Planning a family reunion this summer? Here are 5 quick tips to help get you started:
1. Your initial job is to decide how large of an event you would like to host. Will you just be inviting close family or are you going to do some research and try and invite foreign and long lost relatives. Some of the fun of family reunions is meeting family you’ve only ever heard about but it can sometimes make things weird or awkward.
2. Once you have created a contact list you must decide on a venue, this can be a difficult task. Your venue should be in a central location to where all your guests are located or it should have a special relation like an old campground you visited each summer or a family member’s property. The location of your reunion can make or break the event, if it is hard to access some guests may not come. You also need to make sure that there are accommodations nearby for the family that has to travel. Thinking about these types of things before hand will help you to choose the perfect venue for all your guests and will increase your chances on everyone coming.
3. Once you have decided on the location you need to decide on a date and time so you can send out invitations as soon as possible. If you are inviting guests from other countries you will want to have your invites out at least 6 months in advance so they have a chance to save up and book their tickets. Once you have sent out the invites make sure to keep a list of people that have sent their RSVP’s and don’t be shy to keep reminding the ones who haven’t.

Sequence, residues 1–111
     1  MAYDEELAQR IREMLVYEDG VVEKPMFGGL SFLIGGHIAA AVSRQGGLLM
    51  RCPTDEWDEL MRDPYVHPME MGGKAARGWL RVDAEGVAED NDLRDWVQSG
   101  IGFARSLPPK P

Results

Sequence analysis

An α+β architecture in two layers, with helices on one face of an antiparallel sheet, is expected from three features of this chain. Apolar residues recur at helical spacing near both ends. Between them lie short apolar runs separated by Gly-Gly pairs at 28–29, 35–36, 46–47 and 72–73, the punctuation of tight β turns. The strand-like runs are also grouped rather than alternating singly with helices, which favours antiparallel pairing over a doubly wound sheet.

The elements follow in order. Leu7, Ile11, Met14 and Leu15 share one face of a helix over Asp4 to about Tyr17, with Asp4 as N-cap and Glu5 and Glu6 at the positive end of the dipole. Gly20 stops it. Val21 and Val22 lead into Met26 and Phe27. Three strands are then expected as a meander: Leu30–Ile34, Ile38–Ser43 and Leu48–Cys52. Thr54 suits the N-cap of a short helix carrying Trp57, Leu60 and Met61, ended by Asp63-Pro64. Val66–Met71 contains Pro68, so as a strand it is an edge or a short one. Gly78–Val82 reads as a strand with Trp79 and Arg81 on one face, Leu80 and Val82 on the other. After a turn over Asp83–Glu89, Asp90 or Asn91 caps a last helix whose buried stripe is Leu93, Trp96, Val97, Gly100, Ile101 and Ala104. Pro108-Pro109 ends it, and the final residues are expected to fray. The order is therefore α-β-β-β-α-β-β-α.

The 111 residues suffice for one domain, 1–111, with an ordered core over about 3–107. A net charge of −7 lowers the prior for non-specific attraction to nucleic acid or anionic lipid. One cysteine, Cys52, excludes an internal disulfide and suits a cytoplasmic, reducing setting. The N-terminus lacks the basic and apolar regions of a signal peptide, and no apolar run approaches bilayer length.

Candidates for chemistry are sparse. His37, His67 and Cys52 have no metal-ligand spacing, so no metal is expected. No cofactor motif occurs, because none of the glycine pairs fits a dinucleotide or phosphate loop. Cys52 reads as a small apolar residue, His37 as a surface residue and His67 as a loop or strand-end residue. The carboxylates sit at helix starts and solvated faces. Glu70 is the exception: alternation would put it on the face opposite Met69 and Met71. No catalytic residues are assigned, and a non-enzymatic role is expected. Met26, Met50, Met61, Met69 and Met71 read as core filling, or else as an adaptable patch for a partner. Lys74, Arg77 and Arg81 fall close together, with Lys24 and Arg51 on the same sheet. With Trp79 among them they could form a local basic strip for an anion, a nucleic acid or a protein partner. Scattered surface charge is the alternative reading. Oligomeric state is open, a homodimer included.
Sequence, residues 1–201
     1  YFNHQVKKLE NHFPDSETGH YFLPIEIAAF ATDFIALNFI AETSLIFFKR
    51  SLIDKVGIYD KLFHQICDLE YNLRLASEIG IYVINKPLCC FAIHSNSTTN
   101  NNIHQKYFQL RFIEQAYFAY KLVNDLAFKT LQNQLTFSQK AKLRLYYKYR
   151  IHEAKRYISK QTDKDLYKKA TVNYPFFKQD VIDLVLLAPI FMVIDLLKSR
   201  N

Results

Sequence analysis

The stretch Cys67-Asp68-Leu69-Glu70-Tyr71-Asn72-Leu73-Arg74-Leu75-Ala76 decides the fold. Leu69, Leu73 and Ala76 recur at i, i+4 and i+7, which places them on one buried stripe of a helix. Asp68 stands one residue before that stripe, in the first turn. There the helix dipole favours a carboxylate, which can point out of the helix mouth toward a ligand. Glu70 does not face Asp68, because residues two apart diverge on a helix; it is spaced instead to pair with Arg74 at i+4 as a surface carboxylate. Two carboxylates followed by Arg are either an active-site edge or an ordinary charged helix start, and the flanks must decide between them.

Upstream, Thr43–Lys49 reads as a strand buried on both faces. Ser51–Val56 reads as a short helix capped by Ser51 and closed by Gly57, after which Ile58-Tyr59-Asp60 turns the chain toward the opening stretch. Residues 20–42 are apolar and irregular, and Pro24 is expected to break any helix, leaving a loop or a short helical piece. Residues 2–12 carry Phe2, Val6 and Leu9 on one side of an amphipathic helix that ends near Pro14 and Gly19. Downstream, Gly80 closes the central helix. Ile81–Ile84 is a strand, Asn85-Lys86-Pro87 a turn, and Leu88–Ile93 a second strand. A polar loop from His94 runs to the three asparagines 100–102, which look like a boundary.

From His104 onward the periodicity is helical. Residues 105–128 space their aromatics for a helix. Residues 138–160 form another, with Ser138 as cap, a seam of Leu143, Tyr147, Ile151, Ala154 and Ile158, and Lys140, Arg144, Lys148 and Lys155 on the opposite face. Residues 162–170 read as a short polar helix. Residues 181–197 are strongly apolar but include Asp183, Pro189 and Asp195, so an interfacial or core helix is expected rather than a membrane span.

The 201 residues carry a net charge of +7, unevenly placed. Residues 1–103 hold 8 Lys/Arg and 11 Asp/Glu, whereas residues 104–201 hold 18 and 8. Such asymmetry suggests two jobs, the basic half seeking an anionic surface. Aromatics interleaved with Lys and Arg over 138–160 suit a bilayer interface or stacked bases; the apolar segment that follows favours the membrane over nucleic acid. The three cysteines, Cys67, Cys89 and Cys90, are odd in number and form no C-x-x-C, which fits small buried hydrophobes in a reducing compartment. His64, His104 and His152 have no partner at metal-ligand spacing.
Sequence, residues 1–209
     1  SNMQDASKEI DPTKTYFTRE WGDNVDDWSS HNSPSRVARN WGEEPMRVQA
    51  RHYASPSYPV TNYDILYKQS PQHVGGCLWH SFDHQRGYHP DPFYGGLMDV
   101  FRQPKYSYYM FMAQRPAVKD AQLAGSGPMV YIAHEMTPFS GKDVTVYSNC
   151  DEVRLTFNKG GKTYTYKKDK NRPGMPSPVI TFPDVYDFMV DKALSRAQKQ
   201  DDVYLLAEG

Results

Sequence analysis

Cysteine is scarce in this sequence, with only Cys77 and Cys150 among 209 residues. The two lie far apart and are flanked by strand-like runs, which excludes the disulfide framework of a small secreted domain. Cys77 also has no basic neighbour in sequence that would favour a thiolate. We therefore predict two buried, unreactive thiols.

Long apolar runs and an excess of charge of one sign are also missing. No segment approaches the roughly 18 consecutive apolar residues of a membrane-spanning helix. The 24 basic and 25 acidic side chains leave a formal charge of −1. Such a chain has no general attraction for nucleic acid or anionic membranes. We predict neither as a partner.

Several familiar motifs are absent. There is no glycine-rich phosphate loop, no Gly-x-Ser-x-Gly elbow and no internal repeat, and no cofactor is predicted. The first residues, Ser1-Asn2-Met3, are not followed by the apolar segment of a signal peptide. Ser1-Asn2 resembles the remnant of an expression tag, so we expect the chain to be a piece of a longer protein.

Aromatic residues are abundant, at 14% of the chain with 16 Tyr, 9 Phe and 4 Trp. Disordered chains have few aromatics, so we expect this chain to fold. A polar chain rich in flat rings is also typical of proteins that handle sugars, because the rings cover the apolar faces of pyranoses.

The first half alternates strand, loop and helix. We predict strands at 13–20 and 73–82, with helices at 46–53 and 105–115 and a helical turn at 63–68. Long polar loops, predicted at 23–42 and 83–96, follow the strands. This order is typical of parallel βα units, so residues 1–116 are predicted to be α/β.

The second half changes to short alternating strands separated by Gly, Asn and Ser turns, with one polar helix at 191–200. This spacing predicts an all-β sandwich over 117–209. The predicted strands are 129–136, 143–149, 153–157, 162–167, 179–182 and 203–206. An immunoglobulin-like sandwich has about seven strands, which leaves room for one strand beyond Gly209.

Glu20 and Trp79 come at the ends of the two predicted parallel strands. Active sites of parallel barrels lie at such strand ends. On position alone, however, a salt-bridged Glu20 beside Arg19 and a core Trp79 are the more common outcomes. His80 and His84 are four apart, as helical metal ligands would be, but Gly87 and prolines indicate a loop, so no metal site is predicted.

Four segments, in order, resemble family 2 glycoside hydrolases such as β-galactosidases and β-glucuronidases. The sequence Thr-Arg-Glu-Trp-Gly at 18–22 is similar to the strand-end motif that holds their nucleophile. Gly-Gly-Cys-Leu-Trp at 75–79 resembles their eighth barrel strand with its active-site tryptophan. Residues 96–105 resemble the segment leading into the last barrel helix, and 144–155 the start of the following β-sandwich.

4. When thinking of what type of entertainment to offer at your reunion you need to consider that your guests will range in ages, newborns to great grandparents. You could consider a theme, themes not only make the reunion more fun but they can also help with the planning by triggering ideas for activities, food, invitations, and more. Plus they can act as an icebreaker for family members who don’t know each other.
5. Food is critical. A few things to consider; sit down meal or buffet style, catered or potluck? A sit down meal will require enough tables and chairs for everyone. Buffet style tends to alleviate a bit of that because often buffet means less formal and guests are usually happy to find a lawn chair or a spot on the floor to eat. A catered event is most certainly the least stressful way to tackle the food however it can be costly. You can offset the costs by having each family contribute. An inexpensive option is always a potluck. Just remember that you do have to control a bit of what everyone brings otherwise you might end up with 12 desserts, one meat dish and 15 sides.